It’s easy to think that building investment portfolios was a lot easier in the 90s.  Yet in that decade all markets gyrated with substantial volatility at times. It’s instructive to reflect on some of the major financial events of that decade:

 90s Rock and Roll!

  • 1990/91 Recession in Australia (the last ‘official’ recession we for Australia)
  • 1990 Official cash rates at 18 % p.a.
  • 1990 Collapse of the unlisted property trusty sector
  • 1990 Corporate ‘high flyer’ collapses (Bond – Christopher Skase et al)
  • 1990 August, Iraq invasion of Kuwait = plummeting global share prices + skyrocketing oil prices
  • 1991 Gulf War
  • 1993 36% total return (price appreciation + dividend) for the Australian All Ordinaries Index
  • 1994 Global bond market crash
  • 1997 South East Asian currency crisis
  • 2000 The bursting of the ‘Dot Com’ (Information Technology companies) bubble

Those big issues notwithstanding, generally speaking, portfolios which had some exposure to Australian and international shares did quite well over the decade.

At a time when two decades of 10% per year average Consumer Price Index (1970-1990) was still echoing in the back of the cash register, it wasn’t that difficult for investors to derive capital growth (to help cope with the erosion of purchasing power by inflation) and a reasonable income.

‘Normal’ interest rates were very high by today’s conditions and exorbitantly high at the start of the 90s. Dividends were commensurate with todays and property rental yields were generally above (excluding residential) were above 5% p.a.

A well-designed, strategically balanced, portfolio could deliver what typical retirees needed – an income stream with the potential to grow over time and, for that peace of mind factor, a portfolio which could increase in value. There were times when it seemed (to the untrained eye) that all you had to do was put money in shares and you could ‘bank’ on it making capital gains.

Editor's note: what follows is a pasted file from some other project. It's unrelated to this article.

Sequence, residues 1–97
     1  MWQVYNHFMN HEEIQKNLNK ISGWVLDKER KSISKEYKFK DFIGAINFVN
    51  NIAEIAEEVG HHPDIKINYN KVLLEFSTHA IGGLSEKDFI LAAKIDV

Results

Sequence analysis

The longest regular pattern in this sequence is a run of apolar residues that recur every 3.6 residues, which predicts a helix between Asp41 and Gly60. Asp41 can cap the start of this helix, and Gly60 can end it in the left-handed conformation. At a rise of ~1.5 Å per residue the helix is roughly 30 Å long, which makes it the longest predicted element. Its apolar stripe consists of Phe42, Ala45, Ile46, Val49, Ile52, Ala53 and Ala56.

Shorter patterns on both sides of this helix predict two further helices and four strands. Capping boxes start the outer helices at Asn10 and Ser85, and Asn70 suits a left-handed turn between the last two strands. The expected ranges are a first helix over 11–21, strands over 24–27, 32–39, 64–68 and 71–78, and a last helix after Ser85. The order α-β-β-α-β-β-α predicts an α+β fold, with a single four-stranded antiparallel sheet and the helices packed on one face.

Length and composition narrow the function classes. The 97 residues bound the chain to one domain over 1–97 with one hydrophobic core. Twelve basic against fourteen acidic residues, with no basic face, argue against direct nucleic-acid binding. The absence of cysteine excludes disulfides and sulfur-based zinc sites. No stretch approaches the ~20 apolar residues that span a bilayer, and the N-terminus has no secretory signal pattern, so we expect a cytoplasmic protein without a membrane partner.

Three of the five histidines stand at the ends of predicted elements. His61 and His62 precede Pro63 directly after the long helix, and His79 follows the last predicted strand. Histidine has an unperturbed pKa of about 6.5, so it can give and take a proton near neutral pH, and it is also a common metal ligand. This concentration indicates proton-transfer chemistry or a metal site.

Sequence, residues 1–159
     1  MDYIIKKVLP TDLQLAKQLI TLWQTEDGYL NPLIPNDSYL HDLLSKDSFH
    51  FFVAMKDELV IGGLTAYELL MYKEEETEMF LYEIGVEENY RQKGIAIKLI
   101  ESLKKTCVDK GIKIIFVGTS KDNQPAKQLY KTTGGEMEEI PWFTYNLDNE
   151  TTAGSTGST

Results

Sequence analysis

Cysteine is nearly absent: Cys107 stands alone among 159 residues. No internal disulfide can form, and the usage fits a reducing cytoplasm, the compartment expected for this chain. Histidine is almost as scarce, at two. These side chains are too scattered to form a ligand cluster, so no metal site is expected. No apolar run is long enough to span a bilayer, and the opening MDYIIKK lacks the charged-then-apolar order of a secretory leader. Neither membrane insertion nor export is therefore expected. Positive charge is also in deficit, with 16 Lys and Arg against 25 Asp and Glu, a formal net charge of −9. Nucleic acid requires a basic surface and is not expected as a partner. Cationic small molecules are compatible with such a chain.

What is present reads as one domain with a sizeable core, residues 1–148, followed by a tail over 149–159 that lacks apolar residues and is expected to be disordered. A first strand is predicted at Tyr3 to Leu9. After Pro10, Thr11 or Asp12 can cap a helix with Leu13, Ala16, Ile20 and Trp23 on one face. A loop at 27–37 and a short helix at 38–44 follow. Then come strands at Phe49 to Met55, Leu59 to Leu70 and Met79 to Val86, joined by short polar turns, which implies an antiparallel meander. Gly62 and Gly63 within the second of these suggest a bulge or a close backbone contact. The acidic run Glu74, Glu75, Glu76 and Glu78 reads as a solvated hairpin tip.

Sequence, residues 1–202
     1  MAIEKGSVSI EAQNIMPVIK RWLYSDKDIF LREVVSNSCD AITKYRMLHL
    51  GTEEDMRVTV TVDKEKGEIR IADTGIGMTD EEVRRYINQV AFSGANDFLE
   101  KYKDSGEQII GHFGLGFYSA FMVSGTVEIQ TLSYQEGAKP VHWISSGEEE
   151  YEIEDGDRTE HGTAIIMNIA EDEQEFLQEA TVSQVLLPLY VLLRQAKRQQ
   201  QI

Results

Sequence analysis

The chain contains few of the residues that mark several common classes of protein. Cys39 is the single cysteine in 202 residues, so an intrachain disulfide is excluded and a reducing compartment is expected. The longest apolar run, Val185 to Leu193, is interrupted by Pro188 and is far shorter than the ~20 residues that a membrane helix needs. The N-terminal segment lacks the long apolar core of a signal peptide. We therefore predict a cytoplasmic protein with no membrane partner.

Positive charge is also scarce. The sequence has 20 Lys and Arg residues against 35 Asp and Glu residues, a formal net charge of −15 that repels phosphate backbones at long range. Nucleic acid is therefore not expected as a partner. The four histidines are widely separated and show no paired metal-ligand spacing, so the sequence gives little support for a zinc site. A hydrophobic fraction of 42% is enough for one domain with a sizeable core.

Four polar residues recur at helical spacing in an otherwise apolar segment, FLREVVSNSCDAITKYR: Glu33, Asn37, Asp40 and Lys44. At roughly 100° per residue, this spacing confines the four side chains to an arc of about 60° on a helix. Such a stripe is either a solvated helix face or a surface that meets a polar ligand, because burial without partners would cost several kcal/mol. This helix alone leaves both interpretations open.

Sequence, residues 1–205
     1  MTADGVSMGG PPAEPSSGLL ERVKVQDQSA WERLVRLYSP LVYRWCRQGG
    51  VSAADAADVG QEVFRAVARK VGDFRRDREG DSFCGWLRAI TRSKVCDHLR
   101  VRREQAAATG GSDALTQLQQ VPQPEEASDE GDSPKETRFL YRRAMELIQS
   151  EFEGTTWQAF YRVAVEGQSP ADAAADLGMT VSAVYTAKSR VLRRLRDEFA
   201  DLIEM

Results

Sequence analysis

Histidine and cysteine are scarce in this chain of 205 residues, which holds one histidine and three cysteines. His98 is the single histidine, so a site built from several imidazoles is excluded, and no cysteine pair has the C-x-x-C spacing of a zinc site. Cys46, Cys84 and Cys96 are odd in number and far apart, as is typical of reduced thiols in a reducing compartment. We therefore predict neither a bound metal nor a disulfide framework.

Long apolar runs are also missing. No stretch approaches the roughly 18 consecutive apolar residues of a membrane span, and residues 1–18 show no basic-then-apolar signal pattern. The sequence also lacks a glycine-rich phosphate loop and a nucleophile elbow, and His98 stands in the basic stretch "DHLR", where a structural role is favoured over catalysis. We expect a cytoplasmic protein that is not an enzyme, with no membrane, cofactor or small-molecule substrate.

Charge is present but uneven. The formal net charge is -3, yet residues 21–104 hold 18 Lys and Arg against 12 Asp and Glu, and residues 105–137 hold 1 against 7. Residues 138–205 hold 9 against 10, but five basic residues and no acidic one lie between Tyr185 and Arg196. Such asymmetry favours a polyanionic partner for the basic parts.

Roll on through to the 20 teens and it’s a different ball game.

Same but different!

While the underlying fundamentals will always be the same i.e. only assets which can appreciate in value (such as shares and property) can deliver portfolio growth, the tactical application of such assets into portfolios is substantially different to the 90s.

The conflicted dynamics of debt-laden sovereign balance sheets (which act as both an economic and fiscal brake on a very large proportion of the global economy) versus the powerhouse, capital intensive, growth of the recent past in China and India, makes portfolio construction nowhere near as ‘bankable’.

Change all stations

I recall writing to my clients in August 2004 recommending changes to their portfolios because of what, it was abundantly evident (if professional advisers were taking the time to find the data and analyse it), was coming down the economic pipeline in the United States.  We reduced client allocations to international shares to less than half what it had been and within that we went underweight US shares.

It was a big ‘call’ at the time and one which took a few years to materialise however, it was in that period that it became clear to me that what worked in the 90s was by then history; that it would take at least a decade for the looming crisis to be wash through the global economy.

It meant that from then on there had to be an even greater focus on generating income – even for younger clients because in the absence of reliable portfolio growth at least consistent, tax efficient, income could be accumulated in their portfolios. Yet identifying investments that can generate, with reasonable reliability, consistent and competitive income – without too much risk – is quite difficult.

Next blog? Earlier in this blog I said that dividends in the 90s were commensurate to the 90s. That is to say the % income return on shares (the anticipated dividend as a % of the prevailing share price) were similar today’s dividends. But what’s not commonly identified by investors is the rising dollar values of dividends over time and it will be the subject of next week’s blog.  


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